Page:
This story was submitted to us by Anne Ammunsden, whose exploration of the British Newspaper Archive led to some amazing discoveries and unravelled some mysteries that had baffled her family for generations
When I subscribed to the British Newspaper Archive I did so with the intention of trying to find some reference to a book review my mother sent me (when I was living in Tonga in 1986/7) about a book she thought I would enjoy. The book was a fictional story, located in Tonga, hence she thought I would be interested. I purchased the book in Sydney a few months after receiving the review, read it, and to my absolute astonishment discovered that there was a passage about real events surrounding my uncle’s death in Hong Kong, in 1941, when the Japanese invaded. I was blown away that these real events in Hong Kong could be conveyed in a fictional story about Tonga! After reading the book I stupidly lent it to a friend, and she never returned it. Since then I have been searching for this book in order to buy it again – but this is proving an almost impossible task now that I have forgotten the title and – worse still – the name of the author! I had hoped the BNA would solve the problem for me! But my near to 30 year search continues still, since I have not found a way of bringing up a book review from the late 1980s.
Since I got nowhere searching the newspaper archives for the hoped-for book review sent to me by my mother all those years ago (which would then tell me the name of the book of course!) – I thought that I would change my search criteria, just by way of contrast, to one word – “Asgill”. I am descended from a British army officer by the name of “Asgill” who was, though innocent, condemned to death by General Washington in 1782 – in retaliation for a crime he had not committed. He was eventually saved from the gallows by Queen Marie Antoinette, who pleaded his cause to General Washington. This being a well-known story I knew that just that one word would bring something up. And, sure enough, it did. 38 pages of “Asgill” articles!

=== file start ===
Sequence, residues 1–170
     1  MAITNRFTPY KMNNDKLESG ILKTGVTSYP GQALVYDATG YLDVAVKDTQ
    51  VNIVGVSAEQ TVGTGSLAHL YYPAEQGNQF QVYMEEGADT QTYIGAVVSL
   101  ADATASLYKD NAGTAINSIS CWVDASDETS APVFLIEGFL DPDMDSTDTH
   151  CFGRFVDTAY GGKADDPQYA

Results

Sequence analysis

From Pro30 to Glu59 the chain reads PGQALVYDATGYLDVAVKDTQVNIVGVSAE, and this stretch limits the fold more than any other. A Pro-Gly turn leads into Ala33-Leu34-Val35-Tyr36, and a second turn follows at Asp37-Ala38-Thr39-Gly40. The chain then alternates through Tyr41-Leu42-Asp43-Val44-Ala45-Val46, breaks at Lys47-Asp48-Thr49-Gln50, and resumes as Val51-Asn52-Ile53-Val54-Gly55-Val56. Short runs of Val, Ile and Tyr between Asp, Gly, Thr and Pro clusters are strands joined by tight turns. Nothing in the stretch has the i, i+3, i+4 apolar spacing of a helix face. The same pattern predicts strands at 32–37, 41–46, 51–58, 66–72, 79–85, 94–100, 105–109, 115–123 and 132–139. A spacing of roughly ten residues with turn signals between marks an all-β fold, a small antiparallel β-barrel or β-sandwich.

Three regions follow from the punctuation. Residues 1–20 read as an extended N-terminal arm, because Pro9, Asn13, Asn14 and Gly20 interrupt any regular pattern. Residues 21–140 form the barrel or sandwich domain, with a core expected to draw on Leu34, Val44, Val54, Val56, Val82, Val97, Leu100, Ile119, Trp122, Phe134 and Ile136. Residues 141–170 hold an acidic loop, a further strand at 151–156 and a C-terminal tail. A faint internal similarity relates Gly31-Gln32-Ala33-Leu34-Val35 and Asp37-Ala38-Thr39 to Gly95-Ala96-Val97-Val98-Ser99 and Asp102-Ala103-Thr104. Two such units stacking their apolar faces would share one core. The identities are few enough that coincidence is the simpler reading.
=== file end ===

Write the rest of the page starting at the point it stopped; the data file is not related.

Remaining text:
What I didn’t expect, though, was that my search through those 38 pages of references to “Asgill” would bring about the solving of a mystery (within the present-day Asgill family) which has eluded them for the past 150 years. They have always believed that General Asgill had a son, called William Charles Asgill, who was the disinherited heir to the Baronetcy, and they’ve felt cheated ever since. It now transpires that their “William Charles Asgill” was, in reality, “The Swindler Asgill” who is written about in the following publications. Apparently “The Swindler” changed his name to “Asgill” in order to portray himself as the General’s nephew, and thereby swindle merchants of money to pay for his luxurious lifestyle! I was desperately hoping that one of the following articles would tell me the real name of “The Swindler Asgill” so that some closure could be had by the present-day Asgills by knowing from whom they really are descended. But it seems that “The Swindler” got away with his crimes and there appears to be no report telling the reader who this man really was.
Had he been caught he might well have been deported to Sydney, Australia, where this narrative by me began.
So now I have two searches to conduct, rather than one; Who was “The Swindler Asgill” and who wrote that novel about “Tonga”?
It’s lucky that I purchased a year’s subscription!